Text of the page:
As that MLB tweet so helpfully states, that was 473 feet, and it came on a low slider. That isn't quite superhuman, although it's a conversation you could have if you'd like. But Trout has never been superhuman. If anything, he has just been the very best version of a very human baseball player from his first moment in the league. It's hard to say that anything Trout does, taken in isolation, seems impossible; it's the combination of doing everything so well and so consistently, at least when he is healthy enough to do it, that makes him one of the foremost statistical anomalies in baseball history.

When Trout was dominating the American League individual accolades last decade, it was almost boring. Some of this was the Angels, and some of it was Trout. One could check out his stats and see that, yes, this was the best player in baseball, but he never captured the general imagination—again, because he was on such a misbegotten franchise, but also because of how well all his uncanny numbers lined up with each other. He never hit a lot of home runs—well, 45 is a lot for a career-high, but 12 active players have hit more in a season than that—or chased .400, or had an Acuñaesque stolen base blowout in even one season. Trout was simply excellent at all of those things, every single year, with little deviation from his mean.

There's also the fact that he was overshadowed by Ohtani over the last half-decade. This is not a knock on him; everyone else was, too. In comparison to his two-way omega-star teammate, someone who would make news happen by virtue of doing things not seen in decades, Mike Trout just showed up to work, hit consistently around the very high level that he always has, and generally racked up value everywhere and anywhere he could. It's fitting that the most notable moment in recent Trout history came against Ohtani, and that Ohtani got the best of him.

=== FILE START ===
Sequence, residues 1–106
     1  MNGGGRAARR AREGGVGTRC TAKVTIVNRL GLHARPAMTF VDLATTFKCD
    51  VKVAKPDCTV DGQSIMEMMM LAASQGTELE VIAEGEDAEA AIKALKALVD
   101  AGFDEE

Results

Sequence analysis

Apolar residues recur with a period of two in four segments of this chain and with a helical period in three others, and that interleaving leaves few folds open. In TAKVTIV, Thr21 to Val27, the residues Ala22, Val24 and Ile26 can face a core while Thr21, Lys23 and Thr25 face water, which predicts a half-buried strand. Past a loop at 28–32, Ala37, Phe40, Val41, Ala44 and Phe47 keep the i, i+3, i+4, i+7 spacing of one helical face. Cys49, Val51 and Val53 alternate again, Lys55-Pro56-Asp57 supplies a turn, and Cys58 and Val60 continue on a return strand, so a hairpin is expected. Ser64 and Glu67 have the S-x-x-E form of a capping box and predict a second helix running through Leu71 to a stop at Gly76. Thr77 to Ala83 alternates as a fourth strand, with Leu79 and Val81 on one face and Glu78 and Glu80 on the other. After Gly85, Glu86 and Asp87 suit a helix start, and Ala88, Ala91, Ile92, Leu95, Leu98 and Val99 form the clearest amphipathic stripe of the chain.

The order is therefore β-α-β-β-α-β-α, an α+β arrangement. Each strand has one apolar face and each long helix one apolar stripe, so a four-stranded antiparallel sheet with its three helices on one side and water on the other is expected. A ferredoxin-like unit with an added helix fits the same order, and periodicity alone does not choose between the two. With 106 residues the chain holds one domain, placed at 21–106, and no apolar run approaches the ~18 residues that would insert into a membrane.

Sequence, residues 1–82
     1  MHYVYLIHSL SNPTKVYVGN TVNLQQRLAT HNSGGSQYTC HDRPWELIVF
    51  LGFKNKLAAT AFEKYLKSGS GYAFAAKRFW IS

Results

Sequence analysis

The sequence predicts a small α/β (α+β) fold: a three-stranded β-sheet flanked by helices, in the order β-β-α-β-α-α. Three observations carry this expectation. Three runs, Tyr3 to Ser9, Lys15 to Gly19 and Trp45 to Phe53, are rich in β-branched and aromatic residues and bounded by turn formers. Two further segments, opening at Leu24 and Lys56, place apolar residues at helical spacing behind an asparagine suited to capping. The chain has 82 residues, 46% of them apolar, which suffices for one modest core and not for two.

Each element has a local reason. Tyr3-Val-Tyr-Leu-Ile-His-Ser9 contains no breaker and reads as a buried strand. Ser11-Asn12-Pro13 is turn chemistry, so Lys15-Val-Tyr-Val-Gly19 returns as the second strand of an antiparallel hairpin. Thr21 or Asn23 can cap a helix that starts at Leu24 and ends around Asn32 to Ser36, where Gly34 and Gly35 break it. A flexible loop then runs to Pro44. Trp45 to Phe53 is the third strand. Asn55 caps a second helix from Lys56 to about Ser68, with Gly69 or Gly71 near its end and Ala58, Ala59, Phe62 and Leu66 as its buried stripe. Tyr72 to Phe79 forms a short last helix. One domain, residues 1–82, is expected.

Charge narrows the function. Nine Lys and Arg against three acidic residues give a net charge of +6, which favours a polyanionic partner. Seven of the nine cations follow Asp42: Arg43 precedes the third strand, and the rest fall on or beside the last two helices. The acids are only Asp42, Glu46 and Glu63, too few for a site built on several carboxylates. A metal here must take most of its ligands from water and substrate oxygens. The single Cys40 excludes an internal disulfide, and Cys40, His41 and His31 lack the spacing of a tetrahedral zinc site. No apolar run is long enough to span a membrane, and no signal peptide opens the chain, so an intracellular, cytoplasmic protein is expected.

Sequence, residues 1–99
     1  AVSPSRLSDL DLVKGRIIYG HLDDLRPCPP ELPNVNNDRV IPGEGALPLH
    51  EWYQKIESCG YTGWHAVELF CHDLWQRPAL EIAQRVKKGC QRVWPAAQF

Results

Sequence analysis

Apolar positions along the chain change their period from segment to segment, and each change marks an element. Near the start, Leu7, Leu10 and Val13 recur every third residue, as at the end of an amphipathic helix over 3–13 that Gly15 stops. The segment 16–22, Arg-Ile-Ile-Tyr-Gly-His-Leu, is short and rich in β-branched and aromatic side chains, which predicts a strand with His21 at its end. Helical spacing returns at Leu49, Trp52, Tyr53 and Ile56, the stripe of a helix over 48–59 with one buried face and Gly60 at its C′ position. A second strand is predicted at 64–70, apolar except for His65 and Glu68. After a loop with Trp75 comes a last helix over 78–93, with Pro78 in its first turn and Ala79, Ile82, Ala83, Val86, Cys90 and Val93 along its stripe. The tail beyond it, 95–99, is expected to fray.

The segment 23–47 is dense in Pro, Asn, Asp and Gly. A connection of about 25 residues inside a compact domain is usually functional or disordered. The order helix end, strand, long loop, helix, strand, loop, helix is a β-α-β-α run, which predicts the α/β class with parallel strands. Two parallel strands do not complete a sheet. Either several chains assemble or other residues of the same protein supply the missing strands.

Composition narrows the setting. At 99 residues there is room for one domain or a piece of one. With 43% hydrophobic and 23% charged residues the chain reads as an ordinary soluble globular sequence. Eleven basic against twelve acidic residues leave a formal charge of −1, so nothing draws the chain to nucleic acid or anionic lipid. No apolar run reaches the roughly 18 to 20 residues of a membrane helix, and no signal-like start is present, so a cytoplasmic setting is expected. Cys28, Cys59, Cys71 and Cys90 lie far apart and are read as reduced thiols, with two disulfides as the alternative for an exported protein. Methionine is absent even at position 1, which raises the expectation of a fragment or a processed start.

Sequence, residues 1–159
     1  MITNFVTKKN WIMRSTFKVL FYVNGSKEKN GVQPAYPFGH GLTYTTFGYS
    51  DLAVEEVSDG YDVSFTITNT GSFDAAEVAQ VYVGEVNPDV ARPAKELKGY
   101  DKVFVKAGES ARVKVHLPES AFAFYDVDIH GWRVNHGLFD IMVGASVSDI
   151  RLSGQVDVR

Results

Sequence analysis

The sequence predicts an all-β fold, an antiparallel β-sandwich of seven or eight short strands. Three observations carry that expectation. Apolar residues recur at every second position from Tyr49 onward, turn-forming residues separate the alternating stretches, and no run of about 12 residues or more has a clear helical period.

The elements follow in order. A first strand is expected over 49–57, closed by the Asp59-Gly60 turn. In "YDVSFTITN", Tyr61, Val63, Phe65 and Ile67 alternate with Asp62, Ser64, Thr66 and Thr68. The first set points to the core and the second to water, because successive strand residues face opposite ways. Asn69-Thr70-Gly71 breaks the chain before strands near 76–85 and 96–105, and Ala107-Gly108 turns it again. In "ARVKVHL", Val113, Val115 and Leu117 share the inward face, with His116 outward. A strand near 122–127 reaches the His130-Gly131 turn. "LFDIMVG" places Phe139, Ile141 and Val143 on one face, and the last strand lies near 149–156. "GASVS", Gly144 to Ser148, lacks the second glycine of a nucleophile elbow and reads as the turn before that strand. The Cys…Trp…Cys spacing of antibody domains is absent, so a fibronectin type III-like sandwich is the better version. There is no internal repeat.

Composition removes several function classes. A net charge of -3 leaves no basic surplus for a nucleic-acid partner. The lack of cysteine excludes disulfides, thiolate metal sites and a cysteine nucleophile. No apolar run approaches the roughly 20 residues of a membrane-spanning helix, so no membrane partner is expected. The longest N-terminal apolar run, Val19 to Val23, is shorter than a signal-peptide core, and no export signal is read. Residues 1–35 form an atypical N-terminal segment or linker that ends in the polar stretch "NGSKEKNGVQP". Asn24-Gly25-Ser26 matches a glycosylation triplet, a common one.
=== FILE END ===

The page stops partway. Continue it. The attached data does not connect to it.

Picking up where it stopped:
It's nice, then, now that he is back to being the sole luminary in Anaheim, to be reminded that Mike Trout is also so fucking cool. I don't buy into the idea that the Angels will somehow make the playoffs in Ohtani's absence, but I am fully on board for a Trout renaissance year, even when it comes partly at the expense of my hometown team giving up two home runs to the man. To see him swing the bat and somehow park a ball past that bar in center field is to appreciate that Mike Trout isn't anyone's sidekick.

There's a reason that Trout has three MVPs, and it wouldn't shock me if he won another if he can reclaim his (mostly) injury-free prime even on this wasteland of a team. Despite being the model of hitting excellence for so long, Trout is only 32, and when he's healthy he hasn't shown any signs of decline at all. The Marlins saw on Monday what he can still bring to the table, and past the center field bar. The Angels are still the Angels—as bleak as ever, a misshaped roster full of players whose sum has never been greater than the parts. They can win some ballgames through the equation of Trout + A Little Bit From Everyone Else, though, as they did on Monday by a score of 7-4. It would be a lot more fun to see Trout doing what he does on a winning team, rather than on whatever the Angels have been for his whole career. But the Mike Trout show is still worth checking in on whenever and wherever it airs.